As Indian teenagers, the extent of most of our ambitions was getting into the IITs.
In the words of world-renowned career guidance counsellor, Baba Ranchhodas,
“Sab race mei lage hua the!”
At 17 years of age, when most of us tend to be engaged in this little rat race, these Indian-American geniuses are making progress by leaps and bounds in science and mathematics.
2 Indian-American teenagers, Indrani Das and Arjun Ramani won the first and third prize respectively in the prestigious Regeneron Science Talent Search competition, often nicknamed the “Junior Nobel Prize”.
Indrani was awarded $250,000 (₹1.6 crores) for her research in the treatment of brain-related injuries and diseases.
Arjun was awarded $150,000 (₹98 lacs) for his project on computer programming and the use of the mathematical field of graph theory.
Three other Indian American students, Archana Verma, Prathik Naidu and Vrinda Madan also made it into the top 10. They were awarded $90,000 (₹60 lacs), $70,000 (₹ 45 lacs) and $50,000 (₹32 lacs), respectively.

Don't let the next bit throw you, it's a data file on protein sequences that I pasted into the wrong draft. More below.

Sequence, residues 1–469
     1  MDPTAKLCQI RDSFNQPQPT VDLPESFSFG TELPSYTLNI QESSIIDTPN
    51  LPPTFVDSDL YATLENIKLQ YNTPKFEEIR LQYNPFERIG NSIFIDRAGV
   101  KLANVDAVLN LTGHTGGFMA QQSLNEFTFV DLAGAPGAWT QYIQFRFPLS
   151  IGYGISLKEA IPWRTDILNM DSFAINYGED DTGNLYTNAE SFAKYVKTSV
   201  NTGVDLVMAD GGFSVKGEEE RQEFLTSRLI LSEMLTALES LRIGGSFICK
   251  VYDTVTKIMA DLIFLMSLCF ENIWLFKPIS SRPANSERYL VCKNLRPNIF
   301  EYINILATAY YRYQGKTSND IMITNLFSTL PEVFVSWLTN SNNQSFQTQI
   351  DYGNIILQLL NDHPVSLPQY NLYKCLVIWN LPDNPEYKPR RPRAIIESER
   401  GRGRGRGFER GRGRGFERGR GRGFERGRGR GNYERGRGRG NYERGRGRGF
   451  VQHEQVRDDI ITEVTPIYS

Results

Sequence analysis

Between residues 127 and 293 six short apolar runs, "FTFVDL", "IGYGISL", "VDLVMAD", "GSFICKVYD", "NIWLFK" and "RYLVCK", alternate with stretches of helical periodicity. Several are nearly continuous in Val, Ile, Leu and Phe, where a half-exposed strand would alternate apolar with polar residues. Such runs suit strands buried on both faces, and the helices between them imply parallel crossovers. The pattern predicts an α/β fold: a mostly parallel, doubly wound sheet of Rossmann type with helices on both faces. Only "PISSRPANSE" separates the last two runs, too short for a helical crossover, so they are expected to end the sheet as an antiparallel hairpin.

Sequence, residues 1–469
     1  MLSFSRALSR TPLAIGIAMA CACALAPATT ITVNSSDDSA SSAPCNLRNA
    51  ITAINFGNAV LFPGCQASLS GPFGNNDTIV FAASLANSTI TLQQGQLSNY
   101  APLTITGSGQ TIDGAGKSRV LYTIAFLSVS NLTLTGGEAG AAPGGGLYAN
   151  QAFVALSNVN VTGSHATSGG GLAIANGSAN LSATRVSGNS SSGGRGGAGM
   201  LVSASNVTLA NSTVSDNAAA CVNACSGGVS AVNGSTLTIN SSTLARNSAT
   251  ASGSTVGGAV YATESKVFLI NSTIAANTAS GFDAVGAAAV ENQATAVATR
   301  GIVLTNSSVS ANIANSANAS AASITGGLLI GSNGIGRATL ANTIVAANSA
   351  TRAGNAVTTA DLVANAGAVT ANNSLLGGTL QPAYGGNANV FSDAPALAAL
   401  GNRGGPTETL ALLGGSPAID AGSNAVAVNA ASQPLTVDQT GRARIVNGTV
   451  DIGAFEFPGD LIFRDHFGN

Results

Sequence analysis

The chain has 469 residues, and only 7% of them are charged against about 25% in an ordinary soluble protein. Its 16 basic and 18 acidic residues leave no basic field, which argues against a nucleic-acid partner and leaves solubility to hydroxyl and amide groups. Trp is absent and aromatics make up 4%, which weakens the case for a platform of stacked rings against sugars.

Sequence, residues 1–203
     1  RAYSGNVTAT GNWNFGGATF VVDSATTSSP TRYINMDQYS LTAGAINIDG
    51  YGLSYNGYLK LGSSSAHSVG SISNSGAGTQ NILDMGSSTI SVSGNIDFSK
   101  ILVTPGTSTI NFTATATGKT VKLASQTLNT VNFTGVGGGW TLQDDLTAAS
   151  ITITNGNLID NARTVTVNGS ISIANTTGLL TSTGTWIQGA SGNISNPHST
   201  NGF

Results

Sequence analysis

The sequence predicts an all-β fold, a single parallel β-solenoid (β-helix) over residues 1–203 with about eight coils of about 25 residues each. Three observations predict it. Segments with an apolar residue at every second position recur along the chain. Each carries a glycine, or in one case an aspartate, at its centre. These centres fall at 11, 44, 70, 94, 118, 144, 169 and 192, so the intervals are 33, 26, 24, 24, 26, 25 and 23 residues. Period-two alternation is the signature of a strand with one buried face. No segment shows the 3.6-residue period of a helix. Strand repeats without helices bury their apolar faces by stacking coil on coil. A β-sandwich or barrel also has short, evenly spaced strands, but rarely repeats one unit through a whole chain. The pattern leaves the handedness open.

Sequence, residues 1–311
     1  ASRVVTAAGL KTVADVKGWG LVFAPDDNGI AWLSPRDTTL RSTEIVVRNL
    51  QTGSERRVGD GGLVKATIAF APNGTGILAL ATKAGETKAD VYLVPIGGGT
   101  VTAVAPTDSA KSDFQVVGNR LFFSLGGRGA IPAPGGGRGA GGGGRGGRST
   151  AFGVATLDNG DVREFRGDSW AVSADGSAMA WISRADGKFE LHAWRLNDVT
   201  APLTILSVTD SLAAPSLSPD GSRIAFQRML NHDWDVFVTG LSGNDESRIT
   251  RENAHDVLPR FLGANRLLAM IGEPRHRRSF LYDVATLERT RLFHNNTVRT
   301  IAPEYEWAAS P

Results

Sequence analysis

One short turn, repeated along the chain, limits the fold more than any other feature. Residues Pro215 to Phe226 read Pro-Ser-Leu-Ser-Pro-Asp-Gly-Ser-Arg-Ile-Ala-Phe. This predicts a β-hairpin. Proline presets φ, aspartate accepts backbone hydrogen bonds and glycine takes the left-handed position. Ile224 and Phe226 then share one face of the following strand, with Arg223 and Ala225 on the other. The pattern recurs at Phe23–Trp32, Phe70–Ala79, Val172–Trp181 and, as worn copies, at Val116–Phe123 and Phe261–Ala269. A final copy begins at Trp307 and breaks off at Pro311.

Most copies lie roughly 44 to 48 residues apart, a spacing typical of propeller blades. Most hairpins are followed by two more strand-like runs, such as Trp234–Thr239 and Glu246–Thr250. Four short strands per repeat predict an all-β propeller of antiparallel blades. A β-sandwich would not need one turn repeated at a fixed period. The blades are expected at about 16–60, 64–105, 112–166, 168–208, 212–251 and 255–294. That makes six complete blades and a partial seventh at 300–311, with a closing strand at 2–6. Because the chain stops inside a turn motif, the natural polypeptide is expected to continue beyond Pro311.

Show me the money!
Maya Ajmera, president and CEO of ‘Society for Science & the Public’ and publisher of Science News, had this to say about these bright young minds.
“Now more than ever, we need our nation’s best and brightest young minds to pursue their interest in science and use their talents to solve our world’s most intractable problems.”
While several bright young minds in the US are getting opportunities like these to make a lasting difference in the fields of pure sciences and mathematics, those in India are being forced to use their intellect for nothing more than entrance exam preparation. By no means is our country lacking in talent. Where we fall short is the inability to harness this talent appropriately.
Just think, how many of our brightest minds are actually inspired to pursue a career in the field of research compared to those aiming for a corporate job with a hefty pay package?